Earthquakes are a complex natural phenomenon. They typically are the result of frictional instabilities along preexisting weakness zones called faults. The strain slowly builds up in the fragile Earth crust because of the presence of an external loading counterbalanced by friction forces at the faults’ interface. When the load cannot be balanced by the friction any further, the fault slips releasing the accumulated strain. Friction is a nonlinear phenomenon, and as such frictionally controlled systems may be subject to chaotic behavior. Seismic cycle analogs can be reproduced with rock friction experiments in the laboratory with a double direct shear apparatus. We show that laboratory earthquakes follow a low-dimensional random attractor. We explain the observations with a model of stochastic differential equations based on the rate- and state-friction framework. We show that small perturbations (less than 1‰) on the shear and normal stress can induce laboratory earthquakes aperiodic behavior with coefficient of variations of the order of some percent. The nonlinear nature of friction amplifies small scale perturbations, making mid-long term predictions of the system possible only statistically even for stick-slip events in a well controlled environment like the laboratory.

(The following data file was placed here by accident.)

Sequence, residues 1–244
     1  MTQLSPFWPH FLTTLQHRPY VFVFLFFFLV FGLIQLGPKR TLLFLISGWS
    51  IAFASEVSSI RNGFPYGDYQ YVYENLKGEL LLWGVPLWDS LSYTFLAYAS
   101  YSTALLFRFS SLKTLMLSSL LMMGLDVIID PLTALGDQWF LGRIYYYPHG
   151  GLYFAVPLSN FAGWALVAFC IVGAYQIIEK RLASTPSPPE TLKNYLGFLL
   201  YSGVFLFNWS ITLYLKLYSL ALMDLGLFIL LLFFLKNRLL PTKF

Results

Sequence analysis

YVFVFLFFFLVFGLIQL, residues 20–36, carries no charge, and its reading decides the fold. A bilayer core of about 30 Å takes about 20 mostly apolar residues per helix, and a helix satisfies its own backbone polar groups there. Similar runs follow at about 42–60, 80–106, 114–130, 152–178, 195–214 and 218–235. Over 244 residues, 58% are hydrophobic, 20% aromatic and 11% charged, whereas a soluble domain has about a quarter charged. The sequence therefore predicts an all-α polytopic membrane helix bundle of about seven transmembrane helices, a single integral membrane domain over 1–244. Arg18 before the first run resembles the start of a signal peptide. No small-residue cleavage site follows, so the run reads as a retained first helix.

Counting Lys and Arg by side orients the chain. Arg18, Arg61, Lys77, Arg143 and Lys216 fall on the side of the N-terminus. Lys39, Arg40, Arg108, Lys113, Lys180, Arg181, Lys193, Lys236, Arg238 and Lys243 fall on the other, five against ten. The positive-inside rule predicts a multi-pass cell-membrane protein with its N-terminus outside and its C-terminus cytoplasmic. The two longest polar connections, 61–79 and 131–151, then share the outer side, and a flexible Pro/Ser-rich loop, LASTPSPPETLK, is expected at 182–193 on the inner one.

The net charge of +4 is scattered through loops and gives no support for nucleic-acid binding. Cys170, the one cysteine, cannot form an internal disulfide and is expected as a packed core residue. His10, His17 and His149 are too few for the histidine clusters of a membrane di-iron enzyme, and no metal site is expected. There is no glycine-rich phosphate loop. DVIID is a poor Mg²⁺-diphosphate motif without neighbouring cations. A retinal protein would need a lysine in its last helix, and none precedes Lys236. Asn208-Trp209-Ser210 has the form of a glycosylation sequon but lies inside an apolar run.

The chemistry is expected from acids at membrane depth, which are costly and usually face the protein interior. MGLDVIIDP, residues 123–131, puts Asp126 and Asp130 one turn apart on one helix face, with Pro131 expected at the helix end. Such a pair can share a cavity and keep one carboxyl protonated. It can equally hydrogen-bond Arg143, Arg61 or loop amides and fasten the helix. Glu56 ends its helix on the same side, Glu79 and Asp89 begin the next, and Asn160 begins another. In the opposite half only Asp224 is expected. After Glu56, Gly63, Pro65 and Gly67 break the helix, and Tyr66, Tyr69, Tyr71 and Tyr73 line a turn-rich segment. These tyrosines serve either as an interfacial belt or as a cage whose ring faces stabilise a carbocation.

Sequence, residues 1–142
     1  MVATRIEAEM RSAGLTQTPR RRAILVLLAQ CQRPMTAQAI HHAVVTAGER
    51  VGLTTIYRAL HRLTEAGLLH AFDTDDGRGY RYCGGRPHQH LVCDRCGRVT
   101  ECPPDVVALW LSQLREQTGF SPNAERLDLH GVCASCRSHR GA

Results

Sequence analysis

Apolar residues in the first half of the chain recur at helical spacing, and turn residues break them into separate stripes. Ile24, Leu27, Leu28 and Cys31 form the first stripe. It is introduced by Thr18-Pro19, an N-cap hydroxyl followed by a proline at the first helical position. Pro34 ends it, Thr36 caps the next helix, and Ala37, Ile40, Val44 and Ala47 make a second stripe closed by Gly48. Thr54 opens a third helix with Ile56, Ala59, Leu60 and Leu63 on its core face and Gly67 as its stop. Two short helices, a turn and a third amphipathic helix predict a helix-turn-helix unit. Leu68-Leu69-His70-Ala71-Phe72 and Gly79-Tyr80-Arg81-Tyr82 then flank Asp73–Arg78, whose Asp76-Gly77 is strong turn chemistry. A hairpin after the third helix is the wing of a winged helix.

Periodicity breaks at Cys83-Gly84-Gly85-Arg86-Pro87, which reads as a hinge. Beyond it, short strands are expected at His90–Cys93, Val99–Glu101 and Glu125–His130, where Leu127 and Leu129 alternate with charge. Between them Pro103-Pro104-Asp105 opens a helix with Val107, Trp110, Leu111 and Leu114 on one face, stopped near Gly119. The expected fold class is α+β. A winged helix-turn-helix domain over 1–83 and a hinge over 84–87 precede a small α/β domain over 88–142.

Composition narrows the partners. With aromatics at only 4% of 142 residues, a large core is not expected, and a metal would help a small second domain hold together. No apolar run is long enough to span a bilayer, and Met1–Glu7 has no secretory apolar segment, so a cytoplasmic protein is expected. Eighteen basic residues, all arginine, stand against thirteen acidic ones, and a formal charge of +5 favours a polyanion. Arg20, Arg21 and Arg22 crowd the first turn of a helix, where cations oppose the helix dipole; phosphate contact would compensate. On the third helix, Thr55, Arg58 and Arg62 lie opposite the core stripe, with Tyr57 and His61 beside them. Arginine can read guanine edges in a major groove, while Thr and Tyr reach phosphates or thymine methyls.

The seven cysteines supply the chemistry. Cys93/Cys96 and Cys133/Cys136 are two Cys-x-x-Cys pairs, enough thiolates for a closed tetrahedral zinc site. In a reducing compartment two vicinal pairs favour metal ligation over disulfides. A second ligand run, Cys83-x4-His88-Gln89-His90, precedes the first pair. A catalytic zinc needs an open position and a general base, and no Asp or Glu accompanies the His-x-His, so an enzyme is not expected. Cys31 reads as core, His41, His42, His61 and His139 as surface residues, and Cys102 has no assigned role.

How to cite: Gualandi, A., Faranda, D., Marone, C., and Mengaldo, G.: Stochastic Chaos in Laboratory Earthquakes, EGU General Assembly 2022, Vienna, Austria, 23–27 May 2022, EGU22-7776, https://doi.org/10.5194/egusphere-egu22-7776, 2022.

17:43–17:44
Questions - 1 min

17:44–17:49
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EGU22-12635
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ECS
Carlos R. Nogueira and Fernando O. Marques

17:49–17:50
Questions - 1 min

17:50–17:55
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EGU22-3265
Michele Cooke et al.